TERRE HAUTE, Ind. — The presidential campaign of presidential hopeful Bernie Sanders said Wednesday that it is shedding “hundreds” of staffers in a move to “right-size” with just a few contests left on the Democratic nominating calendar.

Word of the layoffs came a day after Sanders lost four of five Eastern primaries to Hillary Clinton, rendering his path to the party’s nomination virtually nonexistent.

Sanders spokesman Michael Briggs told reporters traveling with Sanders that the decision, first reported by the New York Times, would have been made regardless of Tuesday’s election results. He did not specify how many people are being let go or what percentage of Sanders’s sprawling staff they represent.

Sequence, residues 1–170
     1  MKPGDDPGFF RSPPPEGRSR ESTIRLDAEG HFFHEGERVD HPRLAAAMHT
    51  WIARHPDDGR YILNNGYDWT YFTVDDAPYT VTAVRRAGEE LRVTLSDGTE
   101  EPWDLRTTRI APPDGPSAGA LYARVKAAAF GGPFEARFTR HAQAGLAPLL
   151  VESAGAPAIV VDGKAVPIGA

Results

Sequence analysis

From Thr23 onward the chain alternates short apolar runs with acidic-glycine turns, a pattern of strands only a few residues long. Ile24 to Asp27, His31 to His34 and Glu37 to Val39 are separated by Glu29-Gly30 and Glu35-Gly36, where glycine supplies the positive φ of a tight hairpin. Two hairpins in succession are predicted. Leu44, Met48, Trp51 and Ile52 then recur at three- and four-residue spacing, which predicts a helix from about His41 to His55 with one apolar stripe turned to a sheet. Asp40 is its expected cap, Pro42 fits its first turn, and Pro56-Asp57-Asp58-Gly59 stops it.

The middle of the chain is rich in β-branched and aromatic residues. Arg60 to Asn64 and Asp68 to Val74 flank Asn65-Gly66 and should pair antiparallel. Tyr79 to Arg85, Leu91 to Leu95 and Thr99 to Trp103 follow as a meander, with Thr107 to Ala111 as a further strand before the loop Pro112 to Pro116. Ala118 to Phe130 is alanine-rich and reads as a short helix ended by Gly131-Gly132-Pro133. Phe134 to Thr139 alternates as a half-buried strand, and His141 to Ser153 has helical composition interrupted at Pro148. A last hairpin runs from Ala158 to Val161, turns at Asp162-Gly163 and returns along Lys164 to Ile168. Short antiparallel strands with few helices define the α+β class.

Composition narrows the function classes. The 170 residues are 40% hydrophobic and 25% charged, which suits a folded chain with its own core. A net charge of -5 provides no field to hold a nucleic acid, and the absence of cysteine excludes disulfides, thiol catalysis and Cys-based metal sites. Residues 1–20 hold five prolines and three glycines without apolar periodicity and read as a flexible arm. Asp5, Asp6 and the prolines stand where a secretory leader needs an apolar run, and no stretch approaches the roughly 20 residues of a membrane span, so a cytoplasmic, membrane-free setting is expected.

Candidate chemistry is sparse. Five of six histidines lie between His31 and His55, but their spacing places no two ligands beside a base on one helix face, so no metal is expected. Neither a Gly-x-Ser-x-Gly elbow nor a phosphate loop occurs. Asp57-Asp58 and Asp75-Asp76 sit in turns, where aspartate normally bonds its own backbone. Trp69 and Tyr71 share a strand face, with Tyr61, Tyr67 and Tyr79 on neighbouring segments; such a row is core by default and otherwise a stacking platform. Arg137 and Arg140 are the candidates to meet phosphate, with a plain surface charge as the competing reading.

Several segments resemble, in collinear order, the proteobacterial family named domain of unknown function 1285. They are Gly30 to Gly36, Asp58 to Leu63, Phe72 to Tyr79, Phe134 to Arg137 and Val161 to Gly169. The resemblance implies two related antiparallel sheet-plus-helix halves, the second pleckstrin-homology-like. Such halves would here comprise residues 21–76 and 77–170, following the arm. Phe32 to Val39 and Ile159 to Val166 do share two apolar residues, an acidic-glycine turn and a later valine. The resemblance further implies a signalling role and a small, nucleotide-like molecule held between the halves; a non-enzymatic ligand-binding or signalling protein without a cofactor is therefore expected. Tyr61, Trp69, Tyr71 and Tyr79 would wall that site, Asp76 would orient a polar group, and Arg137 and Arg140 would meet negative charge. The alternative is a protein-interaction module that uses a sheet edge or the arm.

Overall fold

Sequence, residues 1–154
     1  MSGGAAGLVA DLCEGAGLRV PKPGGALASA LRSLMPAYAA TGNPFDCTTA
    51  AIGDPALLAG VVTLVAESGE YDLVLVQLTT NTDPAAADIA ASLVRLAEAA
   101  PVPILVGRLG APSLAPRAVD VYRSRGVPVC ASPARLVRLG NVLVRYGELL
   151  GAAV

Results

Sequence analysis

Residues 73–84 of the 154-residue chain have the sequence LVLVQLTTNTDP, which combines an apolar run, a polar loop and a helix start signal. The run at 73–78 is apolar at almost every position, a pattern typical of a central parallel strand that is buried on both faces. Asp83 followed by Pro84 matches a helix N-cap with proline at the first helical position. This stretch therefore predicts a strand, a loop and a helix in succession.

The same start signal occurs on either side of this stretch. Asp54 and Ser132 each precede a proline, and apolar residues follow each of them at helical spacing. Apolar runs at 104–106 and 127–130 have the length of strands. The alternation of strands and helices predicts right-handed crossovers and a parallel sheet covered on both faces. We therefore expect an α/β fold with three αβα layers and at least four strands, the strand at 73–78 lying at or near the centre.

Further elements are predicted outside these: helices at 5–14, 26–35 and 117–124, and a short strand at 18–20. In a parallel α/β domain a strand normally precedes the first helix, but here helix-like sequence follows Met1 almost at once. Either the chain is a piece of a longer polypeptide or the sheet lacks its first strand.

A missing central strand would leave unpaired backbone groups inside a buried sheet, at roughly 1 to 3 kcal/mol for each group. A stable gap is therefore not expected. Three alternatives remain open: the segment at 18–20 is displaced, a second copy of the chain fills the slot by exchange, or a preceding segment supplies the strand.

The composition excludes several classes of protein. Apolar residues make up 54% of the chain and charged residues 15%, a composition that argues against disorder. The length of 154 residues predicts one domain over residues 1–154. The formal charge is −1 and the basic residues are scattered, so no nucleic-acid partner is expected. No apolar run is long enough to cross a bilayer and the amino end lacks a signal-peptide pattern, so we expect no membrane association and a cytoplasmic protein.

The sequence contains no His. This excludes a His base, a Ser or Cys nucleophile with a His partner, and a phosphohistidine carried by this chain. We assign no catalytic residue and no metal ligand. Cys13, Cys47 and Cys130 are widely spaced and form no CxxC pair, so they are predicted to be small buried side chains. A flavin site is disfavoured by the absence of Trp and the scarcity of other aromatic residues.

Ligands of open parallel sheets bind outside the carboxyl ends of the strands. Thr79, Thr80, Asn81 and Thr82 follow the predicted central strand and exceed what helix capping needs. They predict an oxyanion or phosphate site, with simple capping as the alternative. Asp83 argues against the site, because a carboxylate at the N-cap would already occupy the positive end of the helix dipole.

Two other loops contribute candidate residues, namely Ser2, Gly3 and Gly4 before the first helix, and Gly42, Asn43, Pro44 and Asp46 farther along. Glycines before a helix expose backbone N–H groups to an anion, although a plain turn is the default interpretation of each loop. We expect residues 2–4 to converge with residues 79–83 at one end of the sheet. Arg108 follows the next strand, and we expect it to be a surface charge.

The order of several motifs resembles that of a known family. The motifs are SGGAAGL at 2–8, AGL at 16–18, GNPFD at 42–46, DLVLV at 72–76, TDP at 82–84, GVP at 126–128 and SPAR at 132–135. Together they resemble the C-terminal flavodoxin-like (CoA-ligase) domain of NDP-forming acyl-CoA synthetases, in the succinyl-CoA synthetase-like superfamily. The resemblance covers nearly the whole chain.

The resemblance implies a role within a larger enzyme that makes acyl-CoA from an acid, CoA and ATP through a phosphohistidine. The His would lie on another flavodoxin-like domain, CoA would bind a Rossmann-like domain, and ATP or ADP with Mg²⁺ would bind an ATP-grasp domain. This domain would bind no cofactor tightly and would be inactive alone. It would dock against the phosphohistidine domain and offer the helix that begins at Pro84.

“It’s something we’ve been talking about for quite a while now,” Briggs said. “With 10 states now left to go, we need fewer people in place than we had been doing when there were 50 states to go. So the campaign has been doing some right-sizing.”

He said the move was not a reflection of a slowdown in fundraising – one area of the campaign where Sanders has been outpacing Clinton in recent months.

Still, the move underscored Sanders’s long-shot status. A campaign more confident of its prospects of winning the nomination would generally be more inclined to leave people in place to focus on general-election preparations.

On Tuesday, Sanders lost to Clinton in Pennsylvania, Maryland, Connecticut and Delaware. Sanders won in Rhode Island.

In an interview Wednesday with The Washington Post, Sanders said he thinks the odds are against him but that he still has a “narrow” path to the nomination. Much of his focus in the coming weeks will be in California, the state with the single largest trove of Democratic delegates.


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